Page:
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" If we consider our own country in its natural prospect, without any of the benefits and advantages of commerce, what a barren, uncomfortable spot of earth falls to our share ! Natural historians tell us, that no fruit grows originally among us besides... "
The British essayists; to which are prefixed prefaces by J. Ferguson - Page 39
by British essayists - 1819
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Lessons in Elocution: Or, A Selection of Pieces, in Prose and Verse, for the ...

William Scott (teacher, Edinburgh.) - 1819 - 360 pages
...diamond necklace out of the bowels of Indostan. If we consider our own country in its natural prospect, without any of the benefits and advantages of commerce, what a barren uncomfortable spot of the earth falls to pur share ! Natural historians tell us, that no fruit grows originally among us,...
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Lessons in Elocution, Or, A Selection of Pieces in Prose and Verse: For the ...

William Scott - 1820 - 407 pages
...necklace out of the bowels of Jndostan. If we consider our own country in its natural prospect, withoutany of the benefits and advantages of commerce, what a barren uncomfortable spot of the earth falls to our share ! Natural historians tell us, that no fruit grows originally among us,...
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The British Essayists: Spectator

1823
...carrying out of it whatever is superfluous. If we consider our own country in its natural prospect, without any of the benefits and advantages of commerce,...nature; that our climate of itself, and without the assistances of art, can make no further For these reasons there are not more useful members in a commonwealth...
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The British essayists, with prefaces by A. Chalmers, Volumes 5-6

British essayists - 1823
...If we consider our own country in its natural prospect, without any of the benefits and advantaged of commerce, what a barren uncomfortable spot of earth...nature ; that our climate of itself, and without the assistances of art, can make no further advances towards a plum than to a sloe, and carries an apple...
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The British Essayists: Spectator

James Ferguson - 1823
...diamond necklace out of the bowels of Indostan. If we consider our own country in its natural prospe.ct, without any of the benefits and advantages of commerce,...us, besides hips and haws, acorns and pig-nuts, with F f 2 other delicacies of the like nature; that our climate of itself, and without the assistance of...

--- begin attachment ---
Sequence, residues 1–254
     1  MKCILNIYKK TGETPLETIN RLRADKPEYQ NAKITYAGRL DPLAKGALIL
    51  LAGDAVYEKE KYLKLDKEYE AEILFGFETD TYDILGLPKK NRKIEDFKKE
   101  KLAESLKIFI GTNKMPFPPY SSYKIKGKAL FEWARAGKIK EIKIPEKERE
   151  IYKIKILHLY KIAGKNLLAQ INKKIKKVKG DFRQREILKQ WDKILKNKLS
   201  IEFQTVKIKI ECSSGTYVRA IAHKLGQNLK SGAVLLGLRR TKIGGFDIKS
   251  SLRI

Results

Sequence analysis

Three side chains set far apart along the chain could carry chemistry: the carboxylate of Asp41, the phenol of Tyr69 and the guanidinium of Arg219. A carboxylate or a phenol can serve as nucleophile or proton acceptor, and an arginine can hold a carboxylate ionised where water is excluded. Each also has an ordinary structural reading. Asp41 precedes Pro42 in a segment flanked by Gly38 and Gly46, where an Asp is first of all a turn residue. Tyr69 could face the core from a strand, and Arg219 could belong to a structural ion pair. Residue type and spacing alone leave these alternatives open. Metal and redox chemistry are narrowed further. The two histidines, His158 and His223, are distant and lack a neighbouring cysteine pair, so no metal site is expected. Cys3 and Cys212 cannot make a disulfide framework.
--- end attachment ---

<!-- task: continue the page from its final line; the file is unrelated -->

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Lessons in Elocution: Or, a Selection of Pieces in Prose and Verse for the ...

William Scott - 1823 - 372 pages
...diamond necklace out of the bowels of Indostan. If we consider our own country in its natural prospect, without any of the benefits and advantages of commerce, what a barren uncomfortable spot of the earth falls to our share ! Natural historians tell us, that no fruit grows originally among us,...
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The Spectator: With Sketches of the Lives of the Authors, an Index ..., Volume 2

1824
...diamond necklace out of the bowels of Indostan. If we consider our own country in its natural prospect, without any of the benefits and advantages of commerce,...itself, and without the assistance of art, can make no further advances towards a plum than to a sloe, and carries an apple to no greater perfection than...
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The Spectator, Volume 1

Joseph Addison - 1824
...diamond necklace out of the bowels of Indostan. If we consider our own country in its natural prospect, without any of the benefits and advantages of commerce,...itself, and without the assistance of art, can make no further advances towards a plum than to a sloe, and carries an apple to no greater perfection than...
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The Circulator of useful knowledge, amusement, literature, science and ...

1825
...diamond necklace out of the bowels of Hindostan. "If we consider our own country in its natural prospect, without any of the benefits and advantages of commerce, what a barren and uncomfortable spot of earth falls to our share ! Natural historians tell us that no fruit grew...
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The Mental Guide: Being a Compend of the First Principles of Metaphysics ...

1828 - 384 pages
...diamond necklace out of the bowels of Indostan. If we consider our own country in its natural prospect, without any of the benefits and advantages of commerce, what a barren and uncomfortable spot of earth falls to our share ! Natural historians tell us, that no fruit grows...
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